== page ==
The horrible year – it’s a Latin phrase which in England attaches to the year 1992 when the marriage between Prince Charles and Princess Diana fell apart. But this year is shaping up to be just that for the Center here. The news this week was almost unrelentingly bleak. The virus exploded in Shanghai, with many thousands of cases and a city-wide lockdown that is apparently going to extend beyond the crucial date of April 5 – the Qingming grave-sweeping festival when the traditions of ancestor worship and filial piety rush back to the surface. No grave sweeping for the city this year.
But will it work, this massive shut down of the heart of China’s economy? The answer this time, according to many experts, is no, it will not stop the virus spread. If that is true, then this is where the Center’s zero covid policy hits a brick wall. Because Shanghai has to get back to work for the Chinese economy to keep on a reasonable track for the rest of the year.
There were other bad signs as well this week. It emerged that the Big Four international audit firms have been resigning from conducting audits of China property firms, which likely means that foreign money at least will have to sell them off. Major property firm Vanke announced profits down 45% and capital outflows were reported to be at record levels as foreign investors recalibrated their China exposure in light of the continuing Ukraine war.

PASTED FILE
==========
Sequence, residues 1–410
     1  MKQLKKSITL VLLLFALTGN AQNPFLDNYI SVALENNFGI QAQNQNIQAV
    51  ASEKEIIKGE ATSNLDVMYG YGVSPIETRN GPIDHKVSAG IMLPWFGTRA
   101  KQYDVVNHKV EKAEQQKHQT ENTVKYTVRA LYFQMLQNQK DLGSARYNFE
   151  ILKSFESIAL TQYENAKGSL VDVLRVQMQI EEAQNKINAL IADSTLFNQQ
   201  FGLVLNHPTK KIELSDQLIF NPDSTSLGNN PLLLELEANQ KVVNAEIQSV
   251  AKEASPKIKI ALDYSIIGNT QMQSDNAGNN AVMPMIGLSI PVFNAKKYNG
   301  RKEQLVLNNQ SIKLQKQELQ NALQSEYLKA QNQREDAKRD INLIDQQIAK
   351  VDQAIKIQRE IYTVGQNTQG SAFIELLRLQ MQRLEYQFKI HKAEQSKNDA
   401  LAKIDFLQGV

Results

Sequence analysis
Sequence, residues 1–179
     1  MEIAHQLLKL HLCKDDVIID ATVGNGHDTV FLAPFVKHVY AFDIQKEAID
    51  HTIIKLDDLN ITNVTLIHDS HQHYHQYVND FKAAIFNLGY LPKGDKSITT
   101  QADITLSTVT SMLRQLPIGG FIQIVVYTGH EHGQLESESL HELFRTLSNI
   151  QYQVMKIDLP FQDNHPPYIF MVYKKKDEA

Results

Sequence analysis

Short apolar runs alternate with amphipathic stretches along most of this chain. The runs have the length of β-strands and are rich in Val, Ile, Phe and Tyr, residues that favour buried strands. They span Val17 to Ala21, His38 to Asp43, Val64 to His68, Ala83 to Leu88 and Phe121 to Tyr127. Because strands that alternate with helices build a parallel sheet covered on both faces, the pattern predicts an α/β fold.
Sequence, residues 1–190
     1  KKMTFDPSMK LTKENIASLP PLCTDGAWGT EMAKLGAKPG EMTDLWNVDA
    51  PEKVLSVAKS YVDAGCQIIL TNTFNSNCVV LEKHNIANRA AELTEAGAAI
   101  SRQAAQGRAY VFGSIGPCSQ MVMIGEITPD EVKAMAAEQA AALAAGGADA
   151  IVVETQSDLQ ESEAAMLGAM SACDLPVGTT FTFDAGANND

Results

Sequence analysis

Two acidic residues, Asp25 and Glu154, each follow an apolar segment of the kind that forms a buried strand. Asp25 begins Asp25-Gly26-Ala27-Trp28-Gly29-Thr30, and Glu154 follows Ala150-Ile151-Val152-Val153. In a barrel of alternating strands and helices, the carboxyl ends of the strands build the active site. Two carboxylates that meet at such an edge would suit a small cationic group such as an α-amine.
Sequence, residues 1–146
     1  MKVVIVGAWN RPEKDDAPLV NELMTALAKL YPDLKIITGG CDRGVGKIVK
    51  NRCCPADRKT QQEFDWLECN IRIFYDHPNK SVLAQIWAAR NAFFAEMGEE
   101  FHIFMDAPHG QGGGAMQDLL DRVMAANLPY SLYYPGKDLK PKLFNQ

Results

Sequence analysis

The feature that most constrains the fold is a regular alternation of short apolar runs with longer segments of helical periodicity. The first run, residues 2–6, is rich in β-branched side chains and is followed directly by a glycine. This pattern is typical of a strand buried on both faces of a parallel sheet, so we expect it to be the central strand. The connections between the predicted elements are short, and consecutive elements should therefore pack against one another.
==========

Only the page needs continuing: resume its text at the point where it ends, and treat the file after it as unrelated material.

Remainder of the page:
Sanctions are biting deeper into the Russian economy, and while the Chinese leadership appear to have done nothing more than offer moral support, there is the clear possibility of sanctions hitting China as well if the Center maintains its current stance of primarily blaming the West. There is an EU-China meeting coming up next week, and this is going to impact on how it goes. For years, the European countries have failed to come up with a united approach to addressing China economic relations, but at one fell stroke, divide and rule would appear to be not an option, at least for a while. It’s just amazing how the Ukraine has upended so many chess boards. China risk considerations for investors are presumably markedly different today from, say, two months ago.
But then again, to look on the bright side, for most of China the sun is mostly shining as spring breaks out, so it’s not all horrible.
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